The word comes from the character Sisyphus in Greek mythology, who was sentenced for his wrongdoing to push a boulder up a hill and watch it roll back down, again and again, forever. Definitions of Sisyphean adjective both extremely effortful and futile Synonyms: effortful requiring great physical effort adjective of or relating to Sisyphus
Sis·y·phe·an (sĭs′ə-fē′ən) adj. 1. Of or relating to Sisyphus. 2. Endlessly laborious or futile: The jumble of wet pans and platters. made him weary; to dry them seemed a task as Sisyphean as to repair the things wrong with his parents' house (Jonathan Franzen). [From Latin Sisyphēius, from Greek Sisupheios, from Sisuphos, Sisyphus .]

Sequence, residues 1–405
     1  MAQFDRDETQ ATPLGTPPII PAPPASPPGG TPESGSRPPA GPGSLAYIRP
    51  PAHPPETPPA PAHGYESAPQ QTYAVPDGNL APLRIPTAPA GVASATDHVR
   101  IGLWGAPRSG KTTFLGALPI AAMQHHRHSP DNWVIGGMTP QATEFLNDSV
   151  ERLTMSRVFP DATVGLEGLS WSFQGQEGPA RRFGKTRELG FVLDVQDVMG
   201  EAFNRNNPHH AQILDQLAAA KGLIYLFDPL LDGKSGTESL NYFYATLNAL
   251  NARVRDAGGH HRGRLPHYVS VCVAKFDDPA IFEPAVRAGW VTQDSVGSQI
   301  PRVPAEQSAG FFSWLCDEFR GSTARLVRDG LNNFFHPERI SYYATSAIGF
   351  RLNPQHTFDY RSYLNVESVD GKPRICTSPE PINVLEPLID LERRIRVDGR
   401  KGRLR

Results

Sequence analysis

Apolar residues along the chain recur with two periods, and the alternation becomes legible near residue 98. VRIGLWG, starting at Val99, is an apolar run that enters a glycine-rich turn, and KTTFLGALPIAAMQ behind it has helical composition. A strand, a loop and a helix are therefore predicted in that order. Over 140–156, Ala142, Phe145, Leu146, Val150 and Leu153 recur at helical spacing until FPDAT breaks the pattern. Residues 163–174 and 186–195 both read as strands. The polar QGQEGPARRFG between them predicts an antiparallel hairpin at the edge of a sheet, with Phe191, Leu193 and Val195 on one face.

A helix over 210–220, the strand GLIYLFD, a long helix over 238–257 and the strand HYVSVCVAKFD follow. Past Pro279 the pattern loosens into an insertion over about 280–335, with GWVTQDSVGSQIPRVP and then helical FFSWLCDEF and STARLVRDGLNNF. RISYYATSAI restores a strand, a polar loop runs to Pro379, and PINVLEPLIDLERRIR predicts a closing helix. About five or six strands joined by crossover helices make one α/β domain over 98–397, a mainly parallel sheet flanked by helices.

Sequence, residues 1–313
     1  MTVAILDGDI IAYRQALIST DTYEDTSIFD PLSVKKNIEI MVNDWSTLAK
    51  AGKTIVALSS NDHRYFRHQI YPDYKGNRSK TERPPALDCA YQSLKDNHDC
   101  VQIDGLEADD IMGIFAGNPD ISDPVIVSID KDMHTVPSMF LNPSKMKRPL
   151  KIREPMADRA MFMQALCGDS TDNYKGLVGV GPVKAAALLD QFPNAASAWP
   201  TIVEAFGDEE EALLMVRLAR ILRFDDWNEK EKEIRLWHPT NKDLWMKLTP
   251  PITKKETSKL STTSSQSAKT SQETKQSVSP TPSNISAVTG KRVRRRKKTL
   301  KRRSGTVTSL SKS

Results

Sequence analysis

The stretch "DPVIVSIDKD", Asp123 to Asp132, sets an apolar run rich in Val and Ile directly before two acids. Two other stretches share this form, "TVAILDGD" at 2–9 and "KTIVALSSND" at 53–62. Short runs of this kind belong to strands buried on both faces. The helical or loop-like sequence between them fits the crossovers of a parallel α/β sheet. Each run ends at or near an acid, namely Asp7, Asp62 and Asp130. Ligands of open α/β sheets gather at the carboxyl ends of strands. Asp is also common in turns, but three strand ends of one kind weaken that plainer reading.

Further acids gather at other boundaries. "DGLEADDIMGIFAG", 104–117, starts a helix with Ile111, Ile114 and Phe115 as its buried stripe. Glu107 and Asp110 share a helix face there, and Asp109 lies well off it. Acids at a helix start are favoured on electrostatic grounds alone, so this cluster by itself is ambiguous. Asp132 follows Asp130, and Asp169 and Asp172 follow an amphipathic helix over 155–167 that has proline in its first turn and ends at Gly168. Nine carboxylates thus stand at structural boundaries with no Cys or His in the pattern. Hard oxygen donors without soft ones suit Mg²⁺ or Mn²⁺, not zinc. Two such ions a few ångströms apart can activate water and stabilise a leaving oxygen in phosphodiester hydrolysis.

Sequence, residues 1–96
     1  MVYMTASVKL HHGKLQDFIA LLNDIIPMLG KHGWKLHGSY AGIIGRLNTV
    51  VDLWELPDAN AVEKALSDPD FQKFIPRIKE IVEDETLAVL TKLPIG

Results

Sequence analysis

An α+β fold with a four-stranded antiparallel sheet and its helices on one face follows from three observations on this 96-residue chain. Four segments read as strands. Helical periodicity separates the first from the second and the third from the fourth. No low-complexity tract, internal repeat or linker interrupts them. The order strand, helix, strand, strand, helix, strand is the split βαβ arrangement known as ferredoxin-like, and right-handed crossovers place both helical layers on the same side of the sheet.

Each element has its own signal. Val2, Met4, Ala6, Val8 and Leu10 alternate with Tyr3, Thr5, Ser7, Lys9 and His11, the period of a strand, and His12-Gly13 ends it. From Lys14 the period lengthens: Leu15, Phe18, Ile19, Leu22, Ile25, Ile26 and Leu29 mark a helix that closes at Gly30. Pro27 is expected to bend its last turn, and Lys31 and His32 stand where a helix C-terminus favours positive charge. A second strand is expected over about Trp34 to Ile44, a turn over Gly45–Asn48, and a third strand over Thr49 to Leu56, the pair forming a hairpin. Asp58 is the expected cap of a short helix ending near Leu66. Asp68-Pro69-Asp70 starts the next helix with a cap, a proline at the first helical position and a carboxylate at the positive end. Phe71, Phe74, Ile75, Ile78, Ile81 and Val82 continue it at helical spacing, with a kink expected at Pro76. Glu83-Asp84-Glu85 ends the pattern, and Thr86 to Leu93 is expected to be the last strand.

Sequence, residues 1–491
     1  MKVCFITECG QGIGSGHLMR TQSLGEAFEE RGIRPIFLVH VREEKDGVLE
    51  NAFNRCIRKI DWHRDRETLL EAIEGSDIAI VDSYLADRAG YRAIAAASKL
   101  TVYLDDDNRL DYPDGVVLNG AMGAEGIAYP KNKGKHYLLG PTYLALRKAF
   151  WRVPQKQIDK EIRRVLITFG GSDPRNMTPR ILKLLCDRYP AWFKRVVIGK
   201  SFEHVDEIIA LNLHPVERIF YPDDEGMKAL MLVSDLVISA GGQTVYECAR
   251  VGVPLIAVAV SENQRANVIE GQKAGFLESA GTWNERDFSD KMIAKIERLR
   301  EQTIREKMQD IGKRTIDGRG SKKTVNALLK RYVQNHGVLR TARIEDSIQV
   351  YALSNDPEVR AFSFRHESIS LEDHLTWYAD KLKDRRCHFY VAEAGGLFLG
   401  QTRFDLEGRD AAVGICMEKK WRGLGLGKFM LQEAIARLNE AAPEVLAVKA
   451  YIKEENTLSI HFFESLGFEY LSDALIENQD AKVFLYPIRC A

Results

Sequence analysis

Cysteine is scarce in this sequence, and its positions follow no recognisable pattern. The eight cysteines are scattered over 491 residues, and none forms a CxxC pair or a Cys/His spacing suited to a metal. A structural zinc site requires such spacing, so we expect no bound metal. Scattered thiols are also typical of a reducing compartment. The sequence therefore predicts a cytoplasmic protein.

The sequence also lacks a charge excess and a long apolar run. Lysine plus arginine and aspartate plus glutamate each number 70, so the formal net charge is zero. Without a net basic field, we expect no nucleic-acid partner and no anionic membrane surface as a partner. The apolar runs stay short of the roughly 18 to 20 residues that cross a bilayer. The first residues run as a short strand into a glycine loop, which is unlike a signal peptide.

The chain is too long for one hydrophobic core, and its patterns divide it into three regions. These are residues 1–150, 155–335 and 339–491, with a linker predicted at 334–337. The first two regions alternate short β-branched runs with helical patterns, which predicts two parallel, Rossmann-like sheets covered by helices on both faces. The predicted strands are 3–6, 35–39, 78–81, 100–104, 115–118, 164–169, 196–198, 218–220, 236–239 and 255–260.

Sis·y·phus (sĭs′ə-fəs) n. Greek Mythology A cruel king of Corinth condemned forever to roll a huge stone up a hill in Hades only to have it roll down again on nearing the top. [Latin Sisyphus, from Greek Sisuphos .] American Heritage® Dictionary of the English Language, Fifth Edition.
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